100 Years, 100 Stories


Hannah Wise

Hannah Wise
Virginia Mason Seattle

“I started working for Virginia Mason in the Ophthalmology department in March 2017. In less than six weeks, I became a patient myself and saw all the ins and outs of the hospital. For six months prior to that, I had a persistent cough that started when I was eight months pregnant with my daughter. I was told then that I had acid reflux, which was causing my cough. My symptoms improved after my daughter was born, but by April the cough returned with a vengeance. In late April 2017, my cough had become so bad that I was coughing up blood. By 4 pm, I thought I should see someone before I went home. I took the elevator up to General Internal Medicine and asked if any provider could see me. A triage nurse brought me into a room and I showed her the pictures of the blood I had expelled. She sent me straight to the Emergency Department and did not let me talk her out of it. I walked myself to Jones Level 7 and they immediately got me in for a CT scan. I was diagnosed with a carcinoid tumor that was completely occluding my left lung. I was an otherwise healthy 26-year-old so this came completely out of left field. I was admitted and the next day I met Dr. Hubka, who later removed the tumor and did my partial lobectomy a few months later. I was already impressed by Virginia Mason’s reputation, which is what attracted me to the job. But after becoming a patient myself, I am so proud to be a part of this amazing organization that is saving lives, mine included.”


Fred Savaglio
Virginia Mason Seattle

“I have a lot of stories about wonderful experiences at Virginia Mason. As an example, a very moving story was in the aftermath of the Hudson Arms fire when the six or seven evacuated residents were gazing up at the apartments they could not return to. Among them were three who owned cats which, at that time, may have been lost during the fire or fire department operations. Eventually, we were able to gain permission for Virginia Mason engineers to go in and look for the cats. About 45 minutes later, the three engineers came out and each was holding an agitated cat. The residents were emotionally drained and a lot of tears flowed. A second memorable story that night was when the residents were being processed by the Red Cross to shelters where they would remain until other more permanent housing could be found. Prior to the Red Cross transport, it became known that each resident had medications they would need that night. Nancy Hendler was on scene and she patiently took each resident’s medical history and with her Nurse Practitioner’s prescriptive authority wrote all the scripts they would need for the coming days. The Red Cross then went out got those prescriptions filled. So, many times Virginia Mason staff have stood strong in tough situations. I think of so many unsung heroes and heroines. Although their names have long left my memory, I was very moved each time team members came through. These are a couple of the fond memories about Virginia Mason that I wanted to share.”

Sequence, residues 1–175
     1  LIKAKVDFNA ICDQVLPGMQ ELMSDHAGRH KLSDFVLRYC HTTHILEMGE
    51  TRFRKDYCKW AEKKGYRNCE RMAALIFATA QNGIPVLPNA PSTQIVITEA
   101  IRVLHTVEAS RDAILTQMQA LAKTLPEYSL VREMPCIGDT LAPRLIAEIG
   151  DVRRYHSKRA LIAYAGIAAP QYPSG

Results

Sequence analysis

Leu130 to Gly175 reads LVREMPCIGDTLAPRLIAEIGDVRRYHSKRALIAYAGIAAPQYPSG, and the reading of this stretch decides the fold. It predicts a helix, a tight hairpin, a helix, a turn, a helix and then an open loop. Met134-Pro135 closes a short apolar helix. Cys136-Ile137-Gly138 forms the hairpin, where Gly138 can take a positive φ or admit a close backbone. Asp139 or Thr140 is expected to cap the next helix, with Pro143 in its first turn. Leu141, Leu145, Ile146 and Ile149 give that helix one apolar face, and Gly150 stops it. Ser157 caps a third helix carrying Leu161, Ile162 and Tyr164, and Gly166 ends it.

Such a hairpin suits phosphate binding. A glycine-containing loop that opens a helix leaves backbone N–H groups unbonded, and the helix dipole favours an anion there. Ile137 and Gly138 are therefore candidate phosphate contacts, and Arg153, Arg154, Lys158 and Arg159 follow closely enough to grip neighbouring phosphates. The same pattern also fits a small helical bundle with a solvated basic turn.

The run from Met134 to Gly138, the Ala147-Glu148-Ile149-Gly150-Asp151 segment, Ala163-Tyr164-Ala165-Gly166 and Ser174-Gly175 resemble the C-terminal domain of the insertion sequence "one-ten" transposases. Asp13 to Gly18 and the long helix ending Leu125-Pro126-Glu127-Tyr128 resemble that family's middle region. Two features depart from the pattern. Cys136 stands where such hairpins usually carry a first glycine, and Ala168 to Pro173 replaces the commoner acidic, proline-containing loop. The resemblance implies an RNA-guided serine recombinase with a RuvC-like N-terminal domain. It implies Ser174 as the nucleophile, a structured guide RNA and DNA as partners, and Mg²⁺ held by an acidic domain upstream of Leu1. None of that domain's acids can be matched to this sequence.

Elizabeth Braun
Virginia Mason

“I have had the delight and honor of both working for Virginia Mason and being a patient since 1988. I have watched the organization add or replace numerous clinics and hospital additions. The buildings are my children. Designing, building and watching them evolve has been tremendously satisfying. The care is what excites me about coming to work every day! I have watched as my family’s lives, and my own life, were literally saved several times because of our outstanding care. I know this comes from our commitment to being the quality leader, and the creativity and devotion of the staff. Thank you all!”

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Laura Jeffs and Grief Services

Laura Jeffs
Virginia Mason Seattle

“Founded in 1984 by Virginia Mason’s first psychiatrist, Ted Rynearson, MD, and Jacki Meurk, former board member, the Separation and Loss (Grief Services) department offers individual and group support to sudden, traumatic death (homicide, suicide, accident, overdose and illness) survivors using Dr. Ted Rynearson’s Restorative Retelling model. Dr. Rynearson literally “knocked on doors” at the Department of Justice in Washington, DC, to share about the services to be offered and request grant funding to support the program. Partially funded since 1998 through a DOJ crime victim service grant, the team has expanded services to include: critical incident debriefs within Virginia Mason and in the community; Restorative Retelling Facilitator trainings; regional and national trainings on traumatic death and related topics; and consultation. Several group intervention outcome studies have been published, and Dr. Rynearson won the Association of Death Education and Counseling (ADEC) researcher of the year award in 2013. He has consulted with Israeli and Palestinian clinicians on the model, as well as with the Federal Bureau of Investigation. The small team of Laura Takacs, Laura Jeffs and Dr. Ted Rynearson is grateful to Virginia Mason for its ongoing support.”